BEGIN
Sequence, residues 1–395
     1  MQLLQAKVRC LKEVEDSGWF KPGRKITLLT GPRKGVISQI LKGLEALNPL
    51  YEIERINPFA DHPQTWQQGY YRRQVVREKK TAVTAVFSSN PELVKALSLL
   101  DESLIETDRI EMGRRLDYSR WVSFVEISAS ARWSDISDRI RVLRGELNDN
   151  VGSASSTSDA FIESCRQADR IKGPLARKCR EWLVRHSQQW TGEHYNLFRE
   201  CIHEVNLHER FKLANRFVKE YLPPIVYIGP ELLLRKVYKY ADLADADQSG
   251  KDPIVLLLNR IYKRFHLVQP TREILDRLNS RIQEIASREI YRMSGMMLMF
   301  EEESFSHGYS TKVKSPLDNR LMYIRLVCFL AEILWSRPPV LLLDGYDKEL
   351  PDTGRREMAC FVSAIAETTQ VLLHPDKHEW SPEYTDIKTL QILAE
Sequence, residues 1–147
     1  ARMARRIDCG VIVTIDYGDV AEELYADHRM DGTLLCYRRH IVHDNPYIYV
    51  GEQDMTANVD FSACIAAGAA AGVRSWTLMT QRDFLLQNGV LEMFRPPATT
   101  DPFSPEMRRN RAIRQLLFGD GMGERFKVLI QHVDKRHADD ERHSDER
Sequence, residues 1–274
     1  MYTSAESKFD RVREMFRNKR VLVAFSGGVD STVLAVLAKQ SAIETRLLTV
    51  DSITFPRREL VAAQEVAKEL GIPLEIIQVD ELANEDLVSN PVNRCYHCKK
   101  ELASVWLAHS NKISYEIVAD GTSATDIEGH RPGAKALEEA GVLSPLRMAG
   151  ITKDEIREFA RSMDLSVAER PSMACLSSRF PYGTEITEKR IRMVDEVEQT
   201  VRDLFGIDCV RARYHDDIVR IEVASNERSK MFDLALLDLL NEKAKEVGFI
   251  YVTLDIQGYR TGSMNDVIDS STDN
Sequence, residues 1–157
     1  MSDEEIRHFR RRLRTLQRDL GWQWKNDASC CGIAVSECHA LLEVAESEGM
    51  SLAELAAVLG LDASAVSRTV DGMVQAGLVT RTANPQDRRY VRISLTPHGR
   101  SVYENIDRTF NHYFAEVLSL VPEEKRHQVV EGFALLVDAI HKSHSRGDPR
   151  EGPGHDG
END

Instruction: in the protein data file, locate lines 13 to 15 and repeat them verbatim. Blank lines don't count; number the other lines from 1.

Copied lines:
   101  DPFSPEMRRN RAIRQLLFGD GMGERFKVLI QHVDKRHADD ERHSDER
Sequence, residues 1–274
     1  MYTSAESKFD RVREMFRNKR VLVAFSGGVD STVLAVLAKQ SAIETRLLTV